Consumer confidence has fallen in February for the second month in a row, according to a report conducted by the Conference Board. In February, the consumer confidence index fell from 111.11 to 110.5 — just a small drop. However, this comes after January also experienced a drop in confidence, a drop which many analysts forecasted could mean there was now a downward trend in consumer confidence. This latest index reporting could confirm this.
Consumer confidence has likely fallen because of continued fears of high inflation and the price of goods surging. While confidence has dropped yet again, this new report does reveal certain positive data. For example, the present situation index, which measures current economic conditions, rose to 145.1. In January, this reading stood at 144.5. This likely means that while the economy is expanding in the first quarter, it isn’t gaining momentum, and consumers are not optimistic about the short-term economy, even if it is expanding.
Earlier this year, economists were optimistic about consumer sentiment, even if it was falling, as many consumers still remained positive about where the economy was headed. For example, consumers previously had plans to buy large items (such as cars or other large investments) in about six months, which meant that consumers were wary about their current situation, but positive that things would be better in six months’ time.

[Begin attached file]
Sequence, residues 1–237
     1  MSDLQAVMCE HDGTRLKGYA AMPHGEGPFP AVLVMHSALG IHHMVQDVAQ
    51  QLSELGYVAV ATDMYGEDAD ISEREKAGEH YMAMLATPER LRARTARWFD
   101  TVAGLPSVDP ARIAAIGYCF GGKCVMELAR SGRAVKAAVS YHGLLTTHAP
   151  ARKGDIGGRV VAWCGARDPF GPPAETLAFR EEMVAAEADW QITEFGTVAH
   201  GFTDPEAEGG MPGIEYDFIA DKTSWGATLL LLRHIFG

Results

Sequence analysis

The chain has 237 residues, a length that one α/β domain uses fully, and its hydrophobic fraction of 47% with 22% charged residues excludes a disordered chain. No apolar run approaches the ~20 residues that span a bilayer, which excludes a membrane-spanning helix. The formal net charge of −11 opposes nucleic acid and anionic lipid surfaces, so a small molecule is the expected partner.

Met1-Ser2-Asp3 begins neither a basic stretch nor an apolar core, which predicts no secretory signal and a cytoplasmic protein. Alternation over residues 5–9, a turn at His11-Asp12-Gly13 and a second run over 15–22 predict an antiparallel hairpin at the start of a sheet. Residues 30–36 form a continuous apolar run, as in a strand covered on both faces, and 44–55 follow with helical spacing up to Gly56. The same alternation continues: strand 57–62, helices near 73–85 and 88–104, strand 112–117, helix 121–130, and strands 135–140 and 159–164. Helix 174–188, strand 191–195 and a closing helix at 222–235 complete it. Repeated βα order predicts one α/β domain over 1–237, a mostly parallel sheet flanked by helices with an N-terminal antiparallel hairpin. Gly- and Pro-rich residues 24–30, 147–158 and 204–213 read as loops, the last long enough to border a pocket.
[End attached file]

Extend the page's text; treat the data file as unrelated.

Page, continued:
This has since changed, according to this new Conference Board data. The number of consumers looking forward to buying large items in six months has fallen. This could mean that consumers are not as optimistic about the economy — or where the economy is headed. However, it doesn’t look like consumers believe the economy will get any worse. They just believe the same problems they are facing will continue in six months’ time.
With this new data, economists are forecasting that the first half of 2022 will likely experience a moderation of growth. Much like the beginning of the year, the economy could continue to expand, yet not gain momentum as it did in 2021. Of course, things could always change. If inflation does moderate later on in the year, as some analysts foresee, then this could help improve consumer sentiment in the coming months.
Economists analyze consumer sentiment to understand better where the economy is headed. If consumer sentiment continues to drop, then this may mean that consumers will stop readily buying certain things — mainly big items such as cars, or spending money on vacation. Certain areas of the economy could falter, as a result.
The main reason consumer sentiment has fallen for the past two months is inflation, though many other problems still likely factor in. Tensions between the United States and Russia, the ongoing supply chain problems, and the continuous pandemic could all have a hand in how consumers feel about spending money, and about the economy. Inflation, though, remains the number one worry for many consumers.
When it comes to high inflation, analysts are split on when, exactly, this will cease being a problem for Americans. However, many do feel that it could start to moderate sometime towards the middle to end of 2022.